Unemployment has been a major focal point for QSR. The price of gasoline, another significant variable in driving consumer discretionary spending, is providing an additional headwind in the Golden State.
As JACK CEO Linda Lang and other QSR executives have stated time and again, unemployment is proving to be a major headwind for top line growth. California’s unemployment rate for January is projected by the Bureau of Labor Statistics to be 12.5%, the highest of any of the states and well above the national average.
Yesterday, I listened to CKR’s fiscal 4Q10 earnings conference call and while there were no major incremental data points to speak of, it was interesting to hear management mention the higher gas prices in California at the moment. As the gasbuddy.com chart below shows, Californians are paying more at the pump than any other Americans. People in California, particularly Southern California, are also highly dependent on the automobile.
As if the unemployment outlook wasn’t dire enough, the chart below clearly shows that Californians are paying even more of a premium over the national average than they were twelve months ago. Gas price inflation of 32% in February, although less than the national average, certainly moved the needle. Prices staying constant, the outlook suggests that robust year-over-year growth in prices at the pump will continue to impact the Californian wallet. Although the rate of inflation will continue to lag some areas of the country (assuming current prices going forward), year-over-year growth in prices will range approximately between 34% and 18%. Indeed, as the chart below indicates, national gasoline price inflation is currently very high. This is impacting consumer discretionary spending, and all restaurants, across the board.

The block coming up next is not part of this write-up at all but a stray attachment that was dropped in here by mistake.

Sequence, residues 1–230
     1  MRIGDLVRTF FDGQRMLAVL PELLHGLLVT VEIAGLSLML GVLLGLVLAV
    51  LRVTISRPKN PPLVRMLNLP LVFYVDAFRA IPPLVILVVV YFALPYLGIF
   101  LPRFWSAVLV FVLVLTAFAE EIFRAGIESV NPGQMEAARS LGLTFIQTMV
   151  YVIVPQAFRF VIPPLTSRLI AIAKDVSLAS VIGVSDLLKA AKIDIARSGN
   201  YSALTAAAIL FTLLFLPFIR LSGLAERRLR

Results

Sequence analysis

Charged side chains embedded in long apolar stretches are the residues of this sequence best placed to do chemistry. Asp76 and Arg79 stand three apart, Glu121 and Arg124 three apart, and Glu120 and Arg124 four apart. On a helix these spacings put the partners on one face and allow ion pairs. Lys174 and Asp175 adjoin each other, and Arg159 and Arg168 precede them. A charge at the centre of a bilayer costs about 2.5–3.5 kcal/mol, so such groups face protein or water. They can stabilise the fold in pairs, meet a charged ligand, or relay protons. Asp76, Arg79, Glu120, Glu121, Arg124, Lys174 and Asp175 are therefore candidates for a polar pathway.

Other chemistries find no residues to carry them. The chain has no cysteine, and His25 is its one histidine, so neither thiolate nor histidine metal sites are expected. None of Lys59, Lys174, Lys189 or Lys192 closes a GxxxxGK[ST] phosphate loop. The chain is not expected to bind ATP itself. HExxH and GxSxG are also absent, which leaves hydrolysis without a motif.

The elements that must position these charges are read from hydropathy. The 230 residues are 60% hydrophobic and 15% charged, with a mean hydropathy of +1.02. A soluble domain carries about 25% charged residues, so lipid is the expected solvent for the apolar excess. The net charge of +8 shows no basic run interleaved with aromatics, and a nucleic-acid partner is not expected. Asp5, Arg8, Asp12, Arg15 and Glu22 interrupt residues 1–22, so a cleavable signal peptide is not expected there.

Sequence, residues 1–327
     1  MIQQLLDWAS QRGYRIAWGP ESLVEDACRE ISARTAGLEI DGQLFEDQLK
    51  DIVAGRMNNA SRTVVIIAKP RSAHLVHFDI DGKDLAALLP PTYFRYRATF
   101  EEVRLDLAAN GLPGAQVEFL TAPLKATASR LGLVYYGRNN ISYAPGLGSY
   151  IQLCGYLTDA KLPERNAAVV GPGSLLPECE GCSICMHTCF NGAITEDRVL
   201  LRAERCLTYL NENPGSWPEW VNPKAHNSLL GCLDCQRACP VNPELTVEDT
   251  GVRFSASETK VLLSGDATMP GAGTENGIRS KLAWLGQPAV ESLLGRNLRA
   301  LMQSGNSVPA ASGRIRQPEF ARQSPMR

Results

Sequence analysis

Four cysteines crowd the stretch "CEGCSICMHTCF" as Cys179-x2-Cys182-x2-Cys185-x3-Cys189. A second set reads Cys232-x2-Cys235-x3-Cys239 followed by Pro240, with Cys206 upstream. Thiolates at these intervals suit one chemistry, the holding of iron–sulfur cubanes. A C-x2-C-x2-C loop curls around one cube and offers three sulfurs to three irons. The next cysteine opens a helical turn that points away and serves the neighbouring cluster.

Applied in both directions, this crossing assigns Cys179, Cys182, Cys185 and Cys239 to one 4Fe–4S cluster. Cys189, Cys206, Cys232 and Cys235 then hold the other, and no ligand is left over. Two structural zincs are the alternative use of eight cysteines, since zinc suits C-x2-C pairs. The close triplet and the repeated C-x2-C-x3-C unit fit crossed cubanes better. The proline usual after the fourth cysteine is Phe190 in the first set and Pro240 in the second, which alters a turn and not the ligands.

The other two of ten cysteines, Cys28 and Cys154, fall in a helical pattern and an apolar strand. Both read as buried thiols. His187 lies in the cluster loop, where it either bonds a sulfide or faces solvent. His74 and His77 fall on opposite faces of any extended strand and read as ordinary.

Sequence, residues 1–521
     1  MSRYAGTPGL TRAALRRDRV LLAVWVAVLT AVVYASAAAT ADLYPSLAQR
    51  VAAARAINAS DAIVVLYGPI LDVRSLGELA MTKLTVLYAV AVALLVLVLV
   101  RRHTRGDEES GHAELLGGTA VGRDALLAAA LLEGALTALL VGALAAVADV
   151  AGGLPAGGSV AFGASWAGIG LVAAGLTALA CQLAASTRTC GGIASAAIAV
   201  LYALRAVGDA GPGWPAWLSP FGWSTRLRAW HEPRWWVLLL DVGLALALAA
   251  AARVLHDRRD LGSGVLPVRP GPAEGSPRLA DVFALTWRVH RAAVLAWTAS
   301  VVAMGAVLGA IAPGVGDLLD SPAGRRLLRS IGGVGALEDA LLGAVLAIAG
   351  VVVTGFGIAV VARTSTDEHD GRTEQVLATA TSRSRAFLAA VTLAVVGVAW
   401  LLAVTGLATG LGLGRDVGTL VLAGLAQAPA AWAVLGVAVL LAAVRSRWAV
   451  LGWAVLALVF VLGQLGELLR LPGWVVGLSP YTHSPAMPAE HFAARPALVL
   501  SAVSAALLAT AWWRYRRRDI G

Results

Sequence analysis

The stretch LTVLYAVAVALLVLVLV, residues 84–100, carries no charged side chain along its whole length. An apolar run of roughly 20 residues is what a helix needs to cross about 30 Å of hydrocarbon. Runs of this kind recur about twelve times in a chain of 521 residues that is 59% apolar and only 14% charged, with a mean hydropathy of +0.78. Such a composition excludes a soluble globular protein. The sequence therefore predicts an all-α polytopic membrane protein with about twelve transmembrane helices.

It is important to consider that the five most populous counties in California (Los Angeles County, Orange County, San Diego County, Riverside County, and San Bernardino County) account for 60% of the state population and are all in Southern California. Gas prices in Southern California are even more elevated than the state average; the most recent weekly data shows that the price per gallon in Los Angeles is 317.5 cents versus 313.9 cents in San Francisco.
Turning to stocks that this analysis is relevant to, many restaurants’ top lines are heavily levered to California. PEET, RUBO, BJRI, JACK, CPKI and CAKE are just a few of the restaurant stocks with high levels of exposure to the Californian market. The table below illustrates this.